Their work has a ton of applications, but the only you’re most familiar with is probably in your pocket. You have geodesists to thank for your phone’s handy GPS features.
Next: Braille transcribers
11. Braille transcriber
Government agencies (such as the city of Pasadena) sometimes hire Braille transcribers to translate written course materials for the visually impaired. It’s a complex job requiring special training, especially when it comes to translating textbooks with lots of graphics, noted the Texas School for the Blind and Visually Impaired. And there are relatively few people who can do the job. Hundreds more Braille transcribers will be needed in the coming years to meet the needs of low-vision or blind students.
Next: Bowling equipment repairers
12. Bowling equipment repairer
Who knew the government was in the bowling business? The U.S. Army Family and Morale, Welfare and Recreation division manages recreation programs for soldiers and their families, including maintaining more than 70 bowling alleys. And they need people to keep all the balls rolling smoothly on those lanes. You can land a job as a bowling equipment worker or repairer at locations across the U.S. (and around the world), though you’ll need experience in the bowling industry to qualify.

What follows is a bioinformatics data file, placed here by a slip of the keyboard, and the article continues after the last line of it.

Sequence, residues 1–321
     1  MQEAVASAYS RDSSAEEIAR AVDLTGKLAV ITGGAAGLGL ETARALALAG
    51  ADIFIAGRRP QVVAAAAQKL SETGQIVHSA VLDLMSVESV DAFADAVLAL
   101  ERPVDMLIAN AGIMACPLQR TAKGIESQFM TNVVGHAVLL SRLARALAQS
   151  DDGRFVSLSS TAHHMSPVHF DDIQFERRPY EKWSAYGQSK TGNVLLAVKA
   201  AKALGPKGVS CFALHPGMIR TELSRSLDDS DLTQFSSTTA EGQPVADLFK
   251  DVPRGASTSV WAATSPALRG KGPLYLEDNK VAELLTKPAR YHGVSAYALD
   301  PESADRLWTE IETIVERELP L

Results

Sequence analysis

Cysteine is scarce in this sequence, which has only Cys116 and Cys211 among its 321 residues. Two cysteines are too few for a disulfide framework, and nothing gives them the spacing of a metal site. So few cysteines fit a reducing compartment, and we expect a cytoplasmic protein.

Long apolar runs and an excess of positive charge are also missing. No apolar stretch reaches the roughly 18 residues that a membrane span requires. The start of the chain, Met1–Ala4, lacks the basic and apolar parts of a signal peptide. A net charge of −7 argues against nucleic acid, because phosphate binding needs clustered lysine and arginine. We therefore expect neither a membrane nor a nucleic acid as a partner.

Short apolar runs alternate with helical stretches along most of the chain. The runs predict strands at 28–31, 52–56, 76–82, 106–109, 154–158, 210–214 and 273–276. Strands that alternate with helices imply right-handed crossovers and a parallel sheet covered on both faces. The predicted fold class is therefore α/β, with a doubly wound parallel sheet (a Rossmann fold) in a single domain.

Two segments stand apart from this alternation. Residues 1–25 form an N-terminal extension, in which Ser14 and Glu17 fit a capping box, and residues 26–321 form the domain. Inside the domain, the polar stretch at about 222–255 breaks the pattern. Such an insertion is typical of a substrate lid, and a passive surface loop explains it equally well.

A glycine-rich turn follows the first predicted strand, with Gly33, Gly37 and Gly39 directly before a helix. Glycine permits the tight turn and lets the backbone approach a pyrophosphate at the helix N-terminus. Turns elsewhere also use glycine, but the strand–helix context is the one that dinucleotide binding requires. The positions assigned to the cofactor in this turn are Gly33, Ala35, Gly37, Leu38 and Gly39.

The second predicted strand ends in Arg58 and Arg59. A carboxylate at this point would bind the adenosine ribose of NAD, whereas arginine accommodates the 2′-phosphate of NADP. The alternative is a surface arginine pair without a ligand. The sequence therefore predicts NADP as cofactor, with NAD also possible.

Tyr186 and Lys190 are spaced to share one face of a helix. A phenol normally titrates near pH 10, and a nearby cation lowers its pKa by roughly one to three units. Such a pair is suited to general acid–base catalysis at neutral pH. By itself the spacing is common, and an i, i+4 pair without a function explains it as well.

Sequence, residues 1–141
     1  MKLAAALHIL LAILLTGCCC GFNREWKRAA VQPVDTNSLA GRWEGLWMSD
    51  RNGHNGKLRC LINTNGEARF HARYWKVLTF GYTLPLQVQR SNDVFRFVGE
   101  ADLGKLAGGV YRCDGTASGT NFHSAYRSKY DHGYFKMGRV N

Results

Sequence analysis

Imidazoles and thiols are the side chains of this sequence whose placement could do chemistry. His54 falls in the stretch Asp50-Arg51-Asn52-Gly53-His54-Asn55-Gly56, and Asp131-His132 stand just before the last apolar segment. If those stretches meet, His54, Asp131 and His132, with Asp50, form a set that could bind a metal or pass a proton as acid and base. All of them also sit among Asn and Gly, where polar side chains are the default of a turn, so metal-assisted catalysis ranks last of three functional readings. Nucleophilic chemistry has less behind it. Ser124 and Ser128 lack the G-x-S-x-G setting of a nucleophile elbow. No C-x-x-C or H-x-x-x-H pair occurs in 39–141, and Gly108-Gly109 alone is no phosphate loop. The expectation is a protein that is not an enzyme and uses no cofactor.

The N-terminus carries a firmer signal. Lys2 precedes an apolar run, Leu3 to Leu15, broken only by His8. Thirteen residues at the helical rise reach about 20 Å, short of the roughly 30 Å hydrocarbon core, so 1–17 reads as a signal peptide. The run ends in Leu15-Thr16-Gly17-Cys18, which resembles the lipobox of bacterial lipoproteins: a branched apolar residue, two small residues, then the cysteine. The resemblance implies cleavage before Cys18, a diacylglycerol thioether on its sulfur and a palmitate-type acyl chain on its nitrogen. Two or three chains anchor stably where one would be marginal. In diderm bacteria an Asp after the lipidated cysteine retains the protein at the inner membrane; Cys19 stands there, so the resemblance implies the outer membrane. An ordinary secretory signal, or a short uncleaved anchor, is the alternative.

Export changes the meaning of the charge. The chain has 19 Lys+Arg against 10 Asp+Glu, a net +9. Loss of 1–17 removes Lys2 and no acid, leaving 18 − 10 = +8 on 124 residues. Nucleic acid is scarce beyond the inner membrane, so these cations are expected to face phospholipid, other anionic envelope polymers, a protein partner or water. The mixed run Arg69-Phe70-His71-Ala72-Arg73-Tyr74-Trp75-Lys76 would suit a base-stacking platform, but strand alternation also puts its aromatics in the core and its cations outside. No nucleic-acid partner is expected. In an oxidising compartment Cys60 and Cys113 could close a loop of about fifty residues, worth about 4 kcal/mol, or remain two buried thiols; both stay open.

Next: Jail locksmiths
13. Jail locksmith
Most people probably don’t think about it, but jails and prisons across the country need an army of locksmiths to make sure inmates stay where they’re supposed to. After all, a prison could have as many as 230 different locks in a single housing unit, and they all need to be working perfectly if the prison is going to function as it should. In Illinois, experienced locksmiths can snag a job working at the state’s Big Muddy Correctional Center that pays as much as $73,000 a year.
Next: Ferryboat captains
14. Ferryboat captain or crew
In some parts of the U.S., ferries are an integral part of the public transportation network. So it’s no surprise that governments hire people to captain and crew these boats. And getting the job might be easier than you think. To work as part of a ferry crew in North Carolina, you just need to understand the rules of road and be able launch a rescue vessel. One Oregon woman even managed to land a ferry captain job even though she had no prior experience with boats.
Next: Lighthouse keeper
15. Lighthouse keeper
Lighthouse keeping is a profession straight out of the 19th century. And since the government automated the last of its lighthouses in the late 1980s, the job has been basically obsolete, with one exception. The Coast Guard still employs one full-time keeper who lives and works at the lighthouse in Boston Harbor. But her job has less to do with keeping ships safe and more with giving tours, maintaining the grounds, and supervising assistant keepers.